The Conservatives say they're doing this to put adult social care on a firmer footing. Since 2010, the Coalition and then the Tory majority government have foisted tough cuts on most local authorities by chopping down the local government grant year-on-year. As budgets have got tighter, councils of all political complexions have had to redesign, strip down, and withdraw services. This has mean adult care could not but be hit too. Waking up to it belatedly last year, partly thanks to the winter beds crisis in the NHS, the government have allowed councils to increase council tax by an addition 2% to pay for adult social care only. But this cannot fill the gap, and so the Tories are moving to a model whereby the user pays after the fact.

The result would be to grow the number of people eligible to pay more for their care. Hence why it has been dubbed the dementia tax. None of us know what care needs we might require when we get old. None of us can really do anything about avoiding them either. We all get weaker, a good chunk of us will suffer health complications, an unlucky number are going to develop dementia. Whatever happens, the state will look after us and when we die, grieving relatives can look forward to demanding letters from the council asking them to hand over tens, and in some cases, hundreds of thousands of pounds. The dementia tax is a tax on old age and that's why, despite everything, it could cost the Tories the general election.


David Timoney said...

I'm not sure this is as risky a commitment as you imagine. It's effectively a lottery, but the old folk who will vote are the ones who are current "winners" - i.e. not affected by dementia. Pessimists who anticipate a future care need might be put off, but if Brexit has taught us anything, it is that the Tories' base includes a lot of optimists.

Speedy said...

Families can no longer get away with signing over their property.

There is a sweet kind of irony in the vast amount of Brexiters that will be hit by this, although as you point out, just like their conceited vote to Leave, it will be their heirs who pay the price.

What's ironic is that nobody seems to question the principal - how about funding old age and tuition fees instead of Trident and bailing out banks?

How dumb of me.

Phil said...

Short thread here on the point about combined assets:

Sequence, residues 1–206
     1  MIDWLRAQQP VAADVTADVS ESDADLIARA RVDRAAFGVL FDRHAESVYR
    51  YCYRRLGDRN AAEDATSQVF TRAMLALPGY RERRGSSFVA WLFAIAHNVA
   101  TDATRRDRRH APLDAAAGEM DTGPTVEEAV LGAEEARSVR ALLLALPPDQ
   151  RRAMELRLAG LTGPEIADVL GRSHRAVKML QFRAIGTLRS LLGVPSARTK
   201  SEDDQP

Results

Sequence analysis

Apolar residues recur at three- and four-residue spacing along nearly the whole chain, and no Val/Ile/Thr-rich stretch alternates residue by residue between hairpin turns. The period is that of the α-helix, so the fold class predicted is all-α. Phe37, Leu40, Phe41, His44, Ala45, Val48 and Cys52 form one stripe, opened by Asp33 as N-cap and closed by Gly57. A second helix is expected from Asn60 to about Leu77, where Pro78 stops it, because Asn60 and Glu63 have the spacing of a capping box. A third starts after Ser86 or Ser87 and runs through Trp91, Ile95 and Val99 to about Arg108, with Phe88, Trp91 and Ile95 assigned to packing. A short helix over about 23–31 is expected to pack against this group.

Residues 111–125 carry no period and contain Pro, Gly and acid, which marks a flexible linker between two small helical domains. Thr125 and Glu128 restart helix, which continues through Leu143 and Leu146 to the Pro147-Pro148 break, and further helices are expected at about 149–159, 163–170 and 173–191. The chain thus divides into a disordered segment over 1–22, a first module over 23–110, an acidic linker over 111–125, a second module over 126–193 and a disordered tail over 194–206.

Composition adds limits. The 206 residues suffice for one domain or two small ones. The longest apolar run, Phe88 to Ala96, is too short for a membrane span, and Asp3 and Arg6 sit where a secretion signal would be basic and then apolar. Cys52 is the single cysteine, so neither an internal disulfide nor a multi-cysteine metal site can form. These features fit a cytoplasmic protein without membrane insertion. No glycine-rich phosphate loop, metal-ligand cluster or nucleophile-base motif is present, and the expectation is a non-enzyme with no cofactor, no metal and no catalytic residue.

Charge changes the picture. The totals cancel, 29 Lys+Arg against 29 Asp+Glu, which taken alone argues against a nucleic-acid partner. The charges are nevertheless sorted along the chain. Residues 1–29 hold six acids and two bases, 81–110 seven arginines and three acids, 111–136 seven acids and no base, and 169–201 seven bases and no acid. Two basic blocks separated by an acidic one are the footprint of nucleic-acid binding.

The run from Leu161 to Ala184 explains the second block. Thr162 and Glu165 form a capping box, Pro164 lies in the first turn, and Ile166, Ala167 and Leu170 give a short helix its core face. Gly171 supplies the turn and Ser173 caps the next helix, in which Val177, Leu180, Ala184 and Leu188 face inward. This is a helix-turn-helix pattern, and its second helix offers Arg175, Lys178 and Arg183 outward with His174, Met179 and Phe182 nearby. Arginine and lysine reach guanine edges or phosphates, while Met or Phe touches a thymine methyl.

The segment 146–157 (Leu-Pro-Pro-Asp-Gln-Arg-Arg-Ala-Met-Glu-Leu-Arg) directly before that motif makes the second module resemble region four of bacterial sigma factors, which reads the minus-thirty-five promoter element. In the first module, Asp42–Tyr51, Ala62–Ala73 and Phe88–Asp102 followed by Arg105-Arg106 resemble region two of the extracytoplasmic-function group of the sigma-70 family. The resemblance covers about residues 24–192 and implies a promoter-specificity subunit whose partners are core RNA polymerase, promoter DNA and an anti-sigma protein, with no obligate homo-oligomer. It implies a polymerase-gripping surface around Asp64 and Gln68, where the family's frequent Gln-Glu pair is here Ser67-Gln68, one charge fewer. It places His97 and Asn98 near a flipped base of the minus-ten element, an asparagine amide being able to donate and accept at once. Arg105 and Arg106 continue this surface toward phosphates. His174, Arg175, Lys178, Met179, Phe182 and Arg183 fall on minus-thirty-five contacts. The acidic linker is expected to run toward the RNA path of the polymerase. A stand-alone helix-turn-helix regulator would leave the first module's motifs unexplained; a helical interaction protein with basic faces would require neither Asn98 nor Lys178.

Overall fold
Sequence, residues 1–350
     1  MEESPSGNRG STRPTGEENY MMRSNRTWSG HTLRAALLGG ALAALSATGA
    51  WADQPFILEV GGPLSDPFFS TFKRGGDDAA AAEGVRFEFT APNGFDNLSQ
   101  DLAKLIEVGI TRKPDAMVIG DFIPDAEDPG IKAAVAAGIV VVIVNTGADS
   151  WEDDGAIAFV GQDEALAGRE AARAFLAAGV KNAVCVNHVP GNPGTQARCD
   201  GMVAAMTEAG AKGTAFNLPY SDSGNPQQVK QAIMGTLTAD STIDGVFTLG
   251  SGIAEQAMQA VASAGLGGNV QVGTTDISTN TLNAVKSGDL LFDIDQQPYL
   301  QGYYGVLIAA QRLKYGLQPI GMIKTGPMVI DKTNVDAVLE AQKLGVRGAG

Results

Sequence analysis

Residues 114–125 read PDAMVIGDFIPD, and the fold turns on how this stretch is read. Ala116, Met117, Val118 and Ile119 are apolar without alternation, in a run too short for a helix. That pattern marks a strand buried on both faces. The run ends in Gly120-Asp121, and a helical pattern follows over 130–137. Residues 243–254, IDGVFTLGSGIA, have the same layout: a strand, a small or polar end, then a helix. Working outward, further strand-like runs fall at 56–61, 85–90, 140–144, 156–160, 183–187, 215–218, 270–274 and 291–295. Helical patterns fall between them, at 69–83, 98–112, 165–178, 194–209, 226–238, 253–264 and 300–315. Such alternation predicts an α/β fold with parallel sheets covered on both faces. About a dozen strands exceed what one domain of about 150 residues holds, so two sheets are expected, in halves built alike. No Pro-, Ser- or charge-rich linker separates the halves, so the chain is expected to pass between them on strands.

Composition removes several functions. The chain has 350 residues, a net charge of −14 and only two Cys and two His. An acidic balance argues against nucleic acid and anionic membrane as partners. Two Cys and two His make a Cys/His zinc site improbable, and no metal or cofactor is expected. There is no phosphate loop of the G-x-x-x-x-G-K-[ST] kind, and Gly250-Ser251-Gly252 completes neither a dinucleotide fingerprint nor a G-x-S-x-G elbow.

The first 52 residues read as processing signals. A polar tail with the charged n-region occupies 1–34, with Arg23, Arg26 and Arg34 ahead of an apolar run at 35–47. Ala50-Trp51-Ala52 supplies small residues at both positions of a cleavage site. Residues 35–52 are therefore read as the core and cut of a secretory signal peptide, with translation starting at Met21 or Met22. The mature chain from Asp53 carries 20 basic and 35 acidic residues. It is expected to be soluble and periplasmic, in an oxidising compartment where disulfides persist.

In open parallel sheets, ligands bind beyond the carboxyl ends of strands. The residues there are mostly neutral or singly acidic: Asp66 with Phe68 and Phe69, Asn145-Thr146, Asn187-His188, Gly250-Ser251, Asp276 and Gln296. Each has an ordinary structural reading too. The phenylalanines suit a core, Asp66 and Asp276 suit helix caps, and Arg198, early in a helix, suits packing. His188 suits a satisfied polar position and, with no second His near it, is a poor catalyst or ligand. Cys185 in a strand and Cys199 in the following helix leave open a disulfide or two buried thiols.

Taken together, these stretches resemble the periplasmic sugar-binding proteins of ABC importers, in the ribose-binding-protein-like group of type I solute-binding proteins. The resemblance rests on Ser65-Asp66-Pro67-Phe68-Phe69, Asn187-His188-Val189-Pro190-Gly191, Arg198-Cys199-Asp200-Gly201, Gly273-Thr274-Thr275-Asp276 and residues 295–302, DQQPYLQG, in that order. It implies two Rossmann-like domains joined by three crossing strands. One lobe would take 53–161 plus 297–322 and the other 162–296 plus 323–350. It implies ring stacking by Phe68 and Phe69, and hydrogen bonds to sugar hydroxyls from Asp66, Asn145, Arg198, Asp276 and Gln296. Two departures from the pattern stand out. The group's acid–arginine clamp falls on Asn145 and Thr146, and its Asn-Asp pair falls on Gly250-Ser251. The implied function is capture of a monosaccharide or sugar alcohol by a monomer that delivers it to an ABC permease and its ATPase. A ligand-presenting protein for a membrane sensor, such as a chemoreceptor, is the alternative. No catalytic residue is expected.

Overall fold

Lidl_Janus said...

"despite everything, it could cost the Tories the general election."

This will still require some doing. The last two polls I've seen point to Conservative majorities of 46 and 78, and in order to lose their majority, Labour need to cut their lead to 4%pts.

For Labour to be the biggest party, we'd need something like LAB 39, CON 35, LIB 9, UKIP 2, GRN 2. It's not wildly implausible, but the Conservatives would have to lose something like 10%pts and around half of it would need to cross directly to Labour.

This also assumes Labour doesn't pile up votes in safe seats, which it is historically very bad at doing.

Anonymous said...

How will this affect disabled people who received social care packages from their local councils? It's not just old people who get help, what happens to us and our families with this policy?

James Semple said...

You don't liquidise assets. You mean liquidate. Is English your native language?

Phil said...


Anonymous said...

"The Conservatives say they're doing this to put adult social care on a firmer footing."

It will do no such thing as it doesn't address the real problems at all. Domiciliary care is only a very small part of the picture although the Tories STP plans for the NHS want to make it much bigger. Dementia is often impossible to manage at home without 24/7 care and 24/7 care at home is even more expensive than a care home. Meanwhile, there's a shortage of staff because the jobs are so exploitative.

What this is is the extension of the marketisation of care into the insurance industry. The £100,000 figure they're quoting is exactly the figure the equity market suggest as a minimum value for a 'reverse mortgage'. Thus the £100,000 may not be taken for care fees but it WILL be used for interest payments and premiums.